History UsefulNotes / CuisinesInAmerica

20th Feb '18 5:21:16 PM karstovich2
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The difference arises from the differing backgrounds; Creole cuisine arises from the mixed culture of colonial New Orleans, consisting of direct immigrants from France, African slaves and freedmen, Spanish and other random immigrants, and people descended from the extensive intermarriage among them, while the Cajuns by and large primarily descend from Acadians (people of French ancestry who had settled in Acadia--what is now New Brunswick in Canada) who left for Louisiana after the British more or less forced them out of their homeland during the [[UsefulNotes/SevenYearsWar "French and Indian War"]].[[note]]Acadia had been taken over in 1710 as part of [[UsefulNotes/WarOfTheSpanishSuccession "Queen Anne's War"]], and many Acadians left for Louisiana at that time, but the later war led to a much larger exodus.[[/note]] Culinarily, the main divide separating the two would probably be the incorporation of tomatoes and/or butter in Creole dishes, these being traces of the Spanish and upper-crust French influences, respectively; authentic Cajun dishes, which have remained much closer to French peasant food and have a weaker Spanish influence, eschew tomatoes and generally use vegetable oil as their main cooking fat (traditionally, the Cajun cooking fat was lard, but vegetable oil is ''much'' cheaper). That said, the styles do borrow a lot from each other (much as French ''haute cuisine'' will sometimes borrow something cool from French regional cooking, and vice versa). Also, because they are much more similar to each other than to anything else, the distinction between them blurs the further you go from southern Louisiana. Both have also updated with French cuisine, incorporating and refining, and now many metropolitan areas around the country feature five star New Orleans-style restaurants.

Has become near-synonymous with the two best-known evangelists of the style, Emeril Lagasse and Paul Prudhomme. Prudhomme is interesting because he was actually Cajun (from Saint Landry Parish in the heart of Acadiana), but adapted his style to Creole preferences (like working with tomatoes and butter) when he moved to New Orleans and took over the Commander's Palace restaurant, a bastion of Creole cooking (although he introduced a number of Cajun styles into Creole, like blackening). Prudhomme later took on Lagasse as his protégé; Lagasse is actually not from Louisiana (he's half-French Canadian, half-Portuguese, and originally from Boston), but Prodhomme saw a spark in him and hired him for the kitchen at the Commander's Palace. Zatarain's and various brands of Louisiana-style hot sauce (a thin, watery affair made with mashed peppers, vinegar, and salt that has been allowed to ferment; Tabasco is the most famous, while Crystal, Louisiana, and Trappey's are also reasonably well-known) are the most famous nationally available food products that are based in or have originated from Louisiana.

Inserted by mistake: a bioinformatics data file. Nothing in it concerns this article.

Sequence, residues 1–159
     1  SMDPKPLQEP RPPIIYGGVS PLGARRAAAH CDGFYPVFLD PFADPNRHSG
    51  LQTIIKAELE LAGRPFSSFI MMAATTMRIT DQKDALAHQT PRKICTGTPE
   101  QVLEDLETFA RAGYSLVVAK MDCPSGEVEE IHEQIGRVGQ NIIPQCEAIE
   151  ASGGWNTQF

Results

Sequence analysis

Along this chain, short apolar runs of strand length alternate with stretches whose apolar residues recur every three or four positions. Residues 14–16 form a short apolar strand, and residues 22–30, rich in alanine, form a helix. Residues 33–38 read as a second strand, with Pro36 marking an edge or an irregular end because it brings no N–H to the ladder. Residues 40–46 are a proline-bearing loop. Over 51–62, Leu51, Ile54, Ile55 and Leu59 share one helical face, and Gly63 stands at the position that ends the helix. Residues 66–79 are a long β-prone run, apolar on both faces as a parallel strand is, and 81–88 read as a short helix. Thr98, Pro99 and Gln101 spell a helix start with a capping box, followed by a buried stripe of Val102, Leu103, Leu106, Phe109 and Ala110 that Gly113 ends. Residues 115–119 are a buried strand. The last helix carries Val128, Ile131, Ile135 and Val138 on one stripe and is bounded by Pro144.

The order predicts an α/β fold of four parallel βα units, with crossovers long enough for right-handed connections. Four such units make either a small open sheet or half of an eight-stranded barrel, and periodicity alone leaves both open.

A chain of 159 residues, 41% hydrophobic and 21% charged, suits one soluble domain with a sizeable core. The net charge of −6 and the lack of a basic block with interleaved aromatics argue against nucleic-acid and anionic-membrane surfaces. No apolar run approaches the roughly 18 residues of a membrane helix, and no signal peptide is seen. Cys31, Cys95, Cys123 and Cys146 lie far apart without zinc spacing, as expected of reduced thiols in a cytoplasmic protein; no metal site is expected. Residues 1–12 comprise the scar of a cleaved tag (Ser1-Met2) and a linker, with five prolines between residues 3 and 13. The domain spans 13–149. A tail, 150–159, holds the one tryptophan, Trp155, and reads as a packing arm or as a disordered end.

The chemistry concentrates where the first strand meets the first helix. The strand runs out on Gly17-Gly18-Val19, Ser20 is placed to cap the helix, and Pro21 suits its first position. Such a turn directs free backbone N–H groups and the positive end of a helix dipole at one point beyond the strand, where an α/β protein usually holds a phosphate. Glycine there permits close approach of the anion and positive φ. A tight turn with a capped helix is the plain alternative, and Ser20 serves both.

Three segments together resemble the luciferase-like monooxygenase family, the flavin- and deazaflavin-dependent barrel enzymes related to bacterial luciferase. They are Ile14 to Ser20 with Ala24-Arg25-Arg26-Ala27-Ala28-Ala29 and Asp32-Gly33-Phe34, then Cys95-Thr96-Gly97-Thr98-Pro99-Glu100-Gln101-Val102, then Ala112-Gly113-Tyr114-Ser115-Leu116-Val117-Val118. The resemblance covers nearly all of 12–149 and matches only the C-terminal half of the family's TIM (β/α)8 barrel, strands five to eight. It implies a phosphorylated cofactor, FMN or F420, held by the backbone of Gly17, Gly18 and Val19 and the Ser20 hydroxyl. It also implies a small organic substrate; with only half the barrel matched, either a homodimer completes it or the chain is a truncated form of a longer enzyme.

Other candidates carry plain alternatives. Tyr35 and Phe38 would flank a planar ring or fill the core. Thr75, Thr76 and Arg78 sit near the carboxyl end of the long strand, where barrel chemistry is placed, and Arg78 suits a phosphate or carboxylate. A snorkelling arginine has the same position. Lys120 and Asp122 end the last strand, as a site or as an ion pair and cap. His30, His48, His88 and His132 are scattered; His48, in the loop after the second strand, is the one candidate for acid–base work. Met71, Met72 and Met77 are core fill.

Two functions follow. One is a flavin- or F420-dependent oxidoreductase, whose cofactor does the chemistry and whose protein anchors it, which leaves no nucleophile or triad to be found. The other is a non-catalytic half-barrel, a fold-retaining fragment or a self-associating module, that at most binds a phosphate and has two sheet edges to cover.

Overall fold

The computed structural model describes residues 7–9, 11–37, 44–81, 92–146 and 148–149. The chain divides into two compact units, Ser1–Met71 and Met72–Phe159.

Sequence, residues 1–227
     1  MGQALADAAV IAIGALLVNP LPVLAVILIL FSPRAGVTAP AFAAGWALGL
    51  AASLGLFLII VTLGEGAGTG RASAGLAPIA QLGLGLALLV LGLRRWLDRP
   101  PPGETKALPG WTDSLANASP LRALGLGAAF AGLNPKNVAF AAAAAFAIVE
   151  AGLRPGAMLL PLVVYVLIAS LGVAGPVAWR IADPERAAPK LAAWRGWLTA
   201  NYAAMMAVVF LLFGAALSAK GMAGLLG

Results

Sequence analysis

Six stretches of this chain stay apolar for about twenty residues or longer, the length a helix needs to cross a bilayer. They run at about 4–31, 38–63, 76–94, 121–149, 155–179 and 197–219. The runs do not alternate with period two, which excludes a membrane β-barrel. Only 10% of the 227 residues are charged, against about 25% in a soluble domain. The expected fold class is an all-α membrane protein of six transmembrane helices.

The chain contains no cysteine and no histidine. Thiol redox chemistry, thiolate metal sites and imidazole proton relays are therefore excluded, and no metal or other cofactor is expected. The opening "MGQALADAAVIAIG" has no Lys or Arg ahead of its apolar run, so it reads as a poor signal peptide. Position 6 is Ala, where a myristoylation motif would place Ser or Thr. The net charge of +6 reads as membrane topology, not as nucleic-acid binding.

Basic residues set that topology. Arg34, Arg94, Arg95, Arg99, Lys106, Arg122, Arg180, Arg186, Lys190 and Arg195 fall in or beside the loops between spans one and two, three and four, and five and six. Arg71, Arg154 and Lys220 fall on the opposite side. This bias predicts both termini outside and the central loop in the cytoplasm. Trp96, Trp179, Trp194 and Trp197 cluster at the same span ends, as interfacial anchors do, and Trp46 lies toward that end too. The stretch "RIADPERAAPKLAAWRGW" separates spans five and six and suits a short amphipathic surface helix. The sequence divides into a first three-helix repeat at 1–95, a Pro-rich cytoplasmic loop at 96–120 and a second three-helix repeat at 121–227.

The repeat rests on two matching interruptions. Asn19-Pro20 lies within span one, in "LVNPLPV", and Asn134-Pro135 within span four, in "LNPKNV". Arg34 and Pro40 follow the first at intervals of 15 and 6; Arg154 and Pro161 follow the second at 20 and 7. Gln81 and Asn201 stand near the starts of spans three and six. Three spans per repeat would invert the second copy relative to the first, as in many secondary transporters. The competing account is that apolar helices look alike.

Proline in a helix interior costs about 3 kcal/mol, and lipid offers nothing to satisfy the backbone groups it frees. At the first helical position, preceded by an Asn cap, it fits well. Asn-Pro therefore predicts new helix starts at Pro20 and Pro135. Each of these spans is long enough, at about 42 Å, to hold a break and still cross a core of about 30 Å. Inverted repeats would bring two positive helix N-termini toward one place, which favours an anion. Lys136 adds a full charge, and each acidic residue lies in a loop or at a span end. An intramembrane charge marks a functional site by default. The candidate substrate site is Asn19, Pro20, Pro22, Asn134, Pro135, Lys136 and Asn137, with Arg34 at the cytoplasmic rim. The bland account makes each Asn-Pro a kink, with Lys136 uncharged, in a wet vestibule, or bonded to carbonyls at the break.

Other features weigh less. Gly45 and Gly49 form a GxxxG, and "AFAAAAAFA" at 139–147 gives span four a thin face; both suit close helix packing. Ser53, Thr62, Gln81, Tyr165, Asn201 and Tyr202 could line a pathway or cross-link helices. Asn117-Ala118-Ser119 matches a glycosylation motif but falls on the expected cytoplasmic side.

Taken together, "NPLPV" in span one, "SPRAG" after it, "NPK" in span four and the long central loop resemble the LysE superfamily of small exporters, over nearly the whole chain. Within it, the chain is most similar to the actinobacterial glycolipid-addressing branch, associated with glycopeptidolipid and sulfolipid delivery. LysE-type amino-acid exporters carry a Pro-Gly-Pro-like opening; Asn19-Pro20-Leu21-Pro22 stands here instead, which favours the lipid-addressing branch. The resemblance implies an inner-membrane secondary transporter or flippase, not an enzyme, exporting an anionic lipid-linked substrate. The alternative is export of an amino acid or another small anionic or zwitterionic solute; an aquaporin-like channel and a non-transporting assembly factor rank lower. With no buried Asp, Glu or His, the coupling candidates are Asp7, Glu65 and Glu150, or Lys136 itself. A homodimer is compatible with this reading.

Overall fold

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The difference arises from the differing backgrounds; Creole cuisine arises from the mixed culture of colonial New Orleans, consisting of direct immigrants from France, African slaves and freedmen, Spanish and other random immigrants, and people descended from the extensive intermarriage among them, while them. Meanwhile, the Cajuns by and large primarily descend from Acadians (people Acadians: people of French ancestry who had settled in Acadia--what is now New Brunswick in Canada) who left for Louisiana Canada, which the British had taken over in 1710 after the [[UsefulNotes/WarOfTheSpanishSuccession "Queen Anne's War"]]. The British more or less forced them many if not most Acadians out of their homeland during the [[UsefulNotes/SevenYearsWar "French and Indian War"]].[[note]]Acadia had been taken over in 1710 as part of [[UsefulNotes/WarOfTheSpanishSuccession "Queen Anne's War"]], and many these families joined a small band of Acadians left for who had settled in Louisiana at that time, but after the later war led to initial takeover half a much larger exodus.[[/note]] century earlier.

Culinarily, the main divide separating the two would probably be the incorporation of tomatoes and/or butter in Creole dishes, these being traces of the Spanish and upper-crust French influences, respectively; authentic respectively. Authentic Cajun dishes, which have remained much closer to French peasant food and have a weaker Spanish influence, eschew tomatoes and generally use vegetable oil as their main cooking fat (traditionally, the Cajun cooking fat was lard, but vegetable oil is ''much'' cheaper). That said, the styles do borrow a lot from each other (much as French ''haute cuisine'' will sometimes borrow something cool from French regional cooking, and vice versa). Also, because they are much more similar to each other than to anything else, the distinction between them blurs the further you go from southern Louisiana. Both have also updated with French cuisine, incorporating and refining, and now many metropolitan areas around the country feature five star New Orleans-style restaurants.